Elected local councils all across the developing world have long suffered from insufficient funding which deeply undermines their capacity to take constructive action. Local councils in most of India’s 28 states have long faced this problem. This is a study, based on extensive field research, of a major new anti-poverty program in India – the Mahatma Gandhi National Rural Employment Guarantee Act.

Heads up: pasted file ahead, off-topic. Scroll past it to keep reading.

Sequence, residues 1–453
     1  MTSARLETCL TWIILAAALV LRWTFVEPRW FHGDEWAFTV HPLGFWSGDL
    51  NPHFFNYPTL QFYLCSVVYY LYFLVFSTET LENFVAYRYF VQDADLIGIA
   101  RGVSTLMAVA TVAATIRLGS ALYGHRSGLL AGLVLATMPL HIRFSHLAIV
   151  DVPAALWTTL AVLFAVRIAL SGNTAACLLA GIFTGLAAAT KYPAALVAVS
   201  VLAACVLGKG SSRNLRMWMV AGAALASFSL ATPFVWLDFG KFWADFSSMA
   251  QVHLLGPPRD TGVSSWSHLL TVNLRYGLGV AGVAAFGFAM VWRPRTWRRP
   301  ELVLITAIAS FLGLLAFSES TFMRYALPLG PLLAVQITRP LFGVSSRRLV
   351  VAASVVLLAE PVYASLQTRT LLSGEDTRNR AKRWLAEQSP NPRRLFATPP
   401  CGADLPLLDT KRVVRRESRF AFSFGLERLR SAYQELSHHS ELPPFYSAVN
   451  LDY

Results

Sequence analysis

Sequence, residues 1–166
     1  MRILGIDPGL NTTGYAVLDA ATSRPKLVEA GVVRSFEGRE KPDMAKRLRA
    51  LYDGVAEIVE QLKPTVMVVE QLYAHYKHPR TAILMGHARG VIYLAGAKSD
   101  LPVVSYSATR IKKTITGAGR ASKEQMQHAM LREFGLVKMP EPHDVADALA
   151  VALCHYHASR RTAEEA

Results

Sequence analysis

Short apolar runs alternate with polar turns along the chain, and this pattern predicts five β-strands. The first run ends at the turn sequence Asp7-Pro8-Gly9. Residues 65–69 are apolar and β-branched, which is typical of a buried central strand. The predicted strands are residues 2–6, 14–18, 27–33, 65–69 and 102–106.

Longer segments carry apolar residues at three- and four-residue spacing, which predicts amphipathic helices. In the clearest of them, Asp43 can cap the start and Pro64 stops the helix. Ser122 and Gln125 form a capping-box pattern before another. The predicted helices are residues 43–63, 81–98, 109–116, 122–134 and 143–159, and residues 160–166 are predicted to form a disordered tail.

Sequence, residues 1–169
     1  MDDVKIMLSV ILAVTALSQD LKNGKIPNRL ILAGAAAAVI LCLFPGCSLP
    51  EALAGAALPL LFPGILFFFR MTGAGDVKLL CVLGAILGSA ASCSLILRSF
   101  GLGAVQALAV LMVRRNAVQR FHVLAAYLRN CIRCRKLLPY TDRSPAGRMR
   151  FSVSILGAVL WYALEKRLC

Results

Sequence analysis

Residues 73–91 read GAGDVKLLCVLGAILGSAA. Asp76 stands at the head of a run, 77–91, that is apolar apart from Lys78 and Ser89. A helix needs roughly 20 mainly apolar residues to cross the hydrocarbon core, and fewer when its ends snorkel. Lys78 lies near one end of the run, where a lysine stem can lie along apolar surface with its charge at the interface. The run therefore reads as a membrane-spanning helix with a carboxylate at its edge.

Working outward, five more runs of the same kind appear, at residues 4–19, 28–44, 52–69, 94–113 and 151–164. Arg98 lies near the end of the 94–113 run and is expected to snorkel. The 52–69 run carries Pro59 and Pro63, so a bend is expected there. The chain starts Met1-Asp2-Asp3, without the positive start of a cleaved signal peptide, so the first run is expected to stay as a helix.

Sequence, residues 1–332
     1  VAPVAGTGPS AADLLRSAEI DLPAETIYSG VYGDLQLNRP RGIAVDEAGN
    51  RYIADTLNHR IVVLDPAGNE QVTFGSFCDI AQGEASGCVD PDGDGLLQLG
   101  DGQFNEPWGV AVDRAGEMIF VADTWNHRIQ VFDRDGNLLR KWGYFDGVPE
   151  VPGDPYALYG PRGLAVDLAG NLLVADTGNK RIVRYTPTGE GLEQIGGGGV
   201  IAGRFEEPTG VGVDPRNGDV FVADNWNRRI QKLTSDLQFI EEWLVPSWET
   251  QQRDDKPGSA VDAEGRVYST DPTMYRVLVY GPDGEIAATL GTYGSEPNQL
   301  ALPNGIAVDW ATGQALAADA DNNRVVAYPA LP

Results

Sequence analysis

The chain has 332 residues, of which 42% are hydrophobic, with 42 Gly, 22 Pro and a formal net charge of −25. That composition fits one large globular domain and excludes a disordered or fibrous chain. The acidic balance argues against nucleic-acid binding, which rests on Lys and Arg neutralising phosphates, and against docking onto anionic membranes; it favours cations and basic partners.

It has greatly eased this problem by providing abundant funds to councils in ruralareas where two-thirds of Indian live. It is the most generous injection of funds into elected local councils ever to occur in a developing country. Those new resources enabled local councils to accomplish important things. But ironically, the political processes which then emerged centralised power in the hands of council leaders and made them less accountable to other councillors and to citizens than before – producing an accountability deficit which is yet another serious problem.